A picture is worth a thousand words

Brandie McAllister;Lindsey Hamilton, Editor-in-Chief; Reporter

On March 1, a federal judge ruled that requiring gruesome images to accompany warning labels on cigarette cartons was in violation of the First Amendment. He justified this by saying that the companies have the right to market their product however they choose, even if that means printing the boxes with rainbows and butterflies.
This should come as no surprise. The propaganda of the advertising industry is no secret (let us not forget about the highly evolved, leather jacket-clad camel).
The main question that arises is whether or not the disturbingly honest images would even make a difference? Nearly one seventh of the world’s population are smokers so who’s to say this advertising scheme would really curve their addiction? The bottom line is that if you’re addicted it’s going to take more than the box being adorned with a smoke-blackened lung to kick the habit.
But what about the youth who have yet to pick it up?
About twenty percent of American teens smoke, with roughly three-thousand teens starting every day, and of those three-thousand , one-thousand will die as a result of it. One-third.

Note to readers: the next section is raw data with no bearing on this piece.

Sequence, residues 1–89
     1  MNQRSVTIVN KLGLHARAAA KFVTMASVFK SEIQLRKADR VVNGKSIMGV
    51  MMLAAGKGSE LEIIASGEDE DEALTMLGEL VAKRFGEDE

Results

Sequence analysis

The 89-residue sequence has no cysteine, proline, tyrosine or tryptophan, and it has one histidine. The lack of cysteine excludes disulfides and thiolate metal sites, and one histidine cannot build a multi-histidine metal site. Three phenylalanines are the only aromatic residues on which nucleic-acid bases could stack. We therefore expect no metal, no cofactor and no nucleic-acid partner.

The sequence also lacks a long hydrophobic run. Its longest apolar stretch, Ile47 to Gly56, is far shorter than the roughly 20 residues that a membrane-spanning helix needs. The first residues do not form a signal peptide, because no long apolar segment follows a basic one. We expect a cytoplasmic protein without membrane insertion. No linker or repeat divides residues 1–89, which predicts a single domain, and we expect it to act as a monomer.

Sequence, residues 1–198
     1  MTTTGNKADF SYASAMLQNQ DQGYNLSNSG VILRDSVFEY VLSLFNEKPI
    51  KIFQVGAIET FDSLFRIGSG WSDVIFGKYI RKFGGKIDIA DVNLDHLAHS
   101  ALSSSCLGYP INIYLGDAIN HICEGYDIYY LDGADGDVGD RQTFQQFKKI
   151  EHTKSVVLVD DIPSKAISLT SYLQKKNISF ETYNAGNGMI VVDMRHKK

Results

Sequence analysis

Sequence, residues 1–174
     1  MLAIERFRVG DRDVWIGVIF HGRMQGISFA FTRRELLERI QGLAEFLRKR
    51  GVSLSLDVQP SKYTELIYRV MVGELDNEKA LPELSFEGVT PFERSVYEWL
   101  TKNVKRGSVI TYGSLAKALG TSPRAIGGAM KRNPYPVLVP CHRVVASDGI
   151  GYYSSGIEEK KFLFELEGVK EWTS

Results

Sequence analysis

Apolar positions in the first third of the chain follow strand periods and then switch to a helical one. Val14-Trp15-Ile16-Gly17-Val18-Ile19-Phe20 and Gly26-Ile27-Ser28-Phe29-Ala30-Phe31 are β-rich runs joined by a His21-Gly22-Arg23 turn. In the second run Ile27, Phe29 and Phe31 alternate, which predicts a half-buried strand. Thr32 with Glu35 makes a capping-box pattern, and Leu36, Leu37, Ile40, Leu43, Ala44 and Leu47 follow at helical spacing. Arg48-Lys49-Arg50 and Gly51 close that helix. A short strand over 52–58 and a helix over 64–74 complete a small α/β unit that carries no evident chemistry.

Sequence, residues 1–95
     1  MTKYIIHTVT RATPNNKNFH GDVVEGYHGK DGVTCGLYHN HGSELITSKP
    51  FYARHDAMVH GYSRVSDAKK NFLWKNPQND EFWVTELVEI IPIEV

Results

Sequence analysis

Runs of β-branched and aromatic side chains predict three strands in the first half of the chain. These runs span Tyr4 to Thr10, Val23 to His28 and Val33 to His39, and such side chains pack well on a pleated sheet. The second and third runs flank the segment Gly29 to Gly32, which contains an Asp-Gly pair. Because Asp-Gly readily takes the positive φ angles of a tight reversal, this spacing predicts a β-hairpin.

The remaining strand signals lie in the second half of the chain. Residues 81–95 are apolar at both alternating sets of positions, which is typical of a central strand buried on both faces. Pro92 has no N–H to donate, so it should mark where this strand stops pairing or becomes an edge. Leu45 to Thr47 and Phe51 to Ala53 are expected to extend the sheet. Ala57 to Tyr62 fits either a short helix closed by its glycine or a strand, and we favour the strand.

Regardless of health education in schools and those stark “Tobacco Stops With Me” commercials, not even the law (which states you must be a legal adult to purchase cigarettes) is stopping these kids, who are usually addicted by the time they are sixteen.
There is also the matter of where exactly this issue would end?
Should companies who sell fattening foods be forced to put pictures of cellulite-pocked thighs on their products?
A line has yet to be drawn as to how far this bill could take the issue of government enforced advertising that both strips a company of its right to free speech and yet has the potential to save lives.

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